Une minorité anglophone dans une minorité francophone? Inception! On vous présente le quotidien parfois surréel de ces communautés isolées, de Québec à Grosse-Île, en passant par Rouyn.
Nina Lauren, Quebec City
Close your eyes. Imagine yourself walking through the streets of New York City. You’re on vacation and you’ve called a friend back home in Quebec to talk about the excitement of the city, and about the parks, museums, and hustle and bustle. Now imagine someone, a New Yorker, taps you on the shoulder and says, “Excuse me. This is America. Speak English.”
This doesn’t happen in New York. But it does in Quebec City.
As an anglophone growing up in the predominantly French neighbourhood of the Quartier Montcalm, I’ve had my share of uncomfortable moments where I felt as if I were trespassing on someone else’s property instead of living in the city in which I was raised.
Growing up in Quebec City in the ‘80s and ’90s, Bill 101 obliged my American parents to send my brothers, my sister, and myself to French-language schools. I never once heard my father complain about the Bill. In fact, he once explained to me how it was an important way for the French to preserve their language and culture. In addition, one of the main reasons my parents moved to Quebec was for their children to have the opportunity to learn French. My father understood the strategy of assimilation that was behind the Bill. He believed in in it so much that he established his own version of the Bill in our home. The rule was simple: English could be the only language spoken in our house. This also meant no television, further limiting the reach of French into our family. We fully embraced French culture outside our home yet his protectiveness of our English language heritage made me understand the fragility of culture and language and how easily they are lost.
Still, my understanding of the situation didn’t relieve any of my struggles as an anglophone teenager trying to define myself in a population trying to find its own identity. At times it was brutal, so much so that I decided to leave Quebec City in my early twenties and move to New York City to pursue an acting career.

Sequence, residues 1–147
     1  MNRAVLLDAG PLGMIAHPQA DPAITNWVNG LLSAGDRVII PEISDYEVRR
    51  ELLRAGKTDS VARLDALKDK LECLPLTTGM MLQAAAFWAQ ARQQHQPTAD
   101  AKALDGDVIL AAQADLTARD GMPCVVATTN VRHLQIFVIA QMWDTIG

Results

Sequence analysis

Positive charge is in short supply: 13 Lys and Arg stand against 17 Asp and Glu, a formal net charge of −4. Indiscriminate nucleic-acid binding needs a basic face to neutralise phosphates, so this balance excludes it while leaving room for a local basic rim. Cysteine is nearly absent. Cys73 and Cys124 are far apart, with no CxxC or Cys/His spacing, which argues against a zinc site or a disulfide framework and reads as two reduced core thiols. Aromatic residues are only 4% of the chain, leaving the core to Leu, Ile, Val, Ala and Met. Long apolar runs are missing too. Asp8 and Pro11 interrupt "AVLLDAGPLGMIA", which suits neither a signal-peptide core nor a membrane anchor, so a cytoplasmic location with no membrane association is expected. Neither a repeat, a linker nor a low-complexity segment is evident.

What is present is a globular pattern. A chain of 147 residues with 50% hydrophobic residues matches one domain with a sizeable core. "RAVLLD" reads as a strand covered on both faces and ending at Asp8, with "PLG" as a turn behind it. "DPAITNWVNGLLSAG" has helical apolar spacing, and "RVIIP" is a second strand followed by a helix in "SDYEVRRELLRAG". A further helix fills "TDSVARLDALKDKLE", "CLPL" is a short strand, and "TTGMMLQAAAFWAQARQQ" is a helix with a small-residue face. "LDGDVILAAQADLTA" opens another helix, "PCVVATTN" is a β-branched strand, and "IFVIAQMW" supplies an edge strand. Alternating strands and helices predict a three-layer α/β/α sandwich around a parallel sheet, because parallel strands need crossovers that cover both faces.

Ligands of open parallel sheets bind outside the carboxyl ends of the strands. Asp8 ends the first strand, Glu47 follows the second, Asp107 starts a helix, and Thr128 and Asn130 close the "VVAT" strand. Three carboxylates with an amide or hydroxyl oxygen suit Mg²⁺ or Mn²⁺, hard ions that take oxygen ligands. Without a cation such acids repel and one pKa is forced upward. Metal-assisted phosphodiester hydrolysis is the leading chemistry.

New York City’s ethnic diversity astounded me. When my friends would visit from Quebec, I felt reassured, knowing nobody would stare at them in Central Park for speaking French, and no one would ask them to speak English instead.
While I’ve never been attacked for being anglophone in Quebec City, at times I’ve been made to feel shame for speaking my native language. Now, when people say, “Euh? Allo? Scuse, mais t’es au Québec, tu devrais parler Français!” my reply is always, “How rude of you to barge in, you are not included in my conversation.” I say this in English because a little humour eases the sting of conflict, I find.
Today my dad, who still lives in Quebec, and who once obliged his own children to communicate solely in English, no longer chooses to speak to me in English in public. If he wants to say something to me now he speaks to me in broken French. I assume it’s because he’s uncomfortable with the accompanying stares. For me, the looks can be intimidating, but I stubbornly keep responding to him in English. I insist on it because if there’s one thing I learned from my experience growing up in Quebec, it’s to preserve your heritage.
My father is the only person in my family who remains in Quebec. My mother has moved to the States. My sister moved to Australia, and my brothers have also left. I’ve never spoken about it with them and I don’t know if it’s a coincidence that they all chose English-language countries to settle in, if they felt the same alienation I sometimes do in Quebec. They all love to visit Quebec, although they never stay for long.
When I eventually settle permanently in New York I’ll never forget my Quebec City roots, but I’ll go knowing that I’m moving to a world-famous city that is vibrant for its music, culture, art and education centres, not in spite of the influx of diverse cultures and languages but because of them.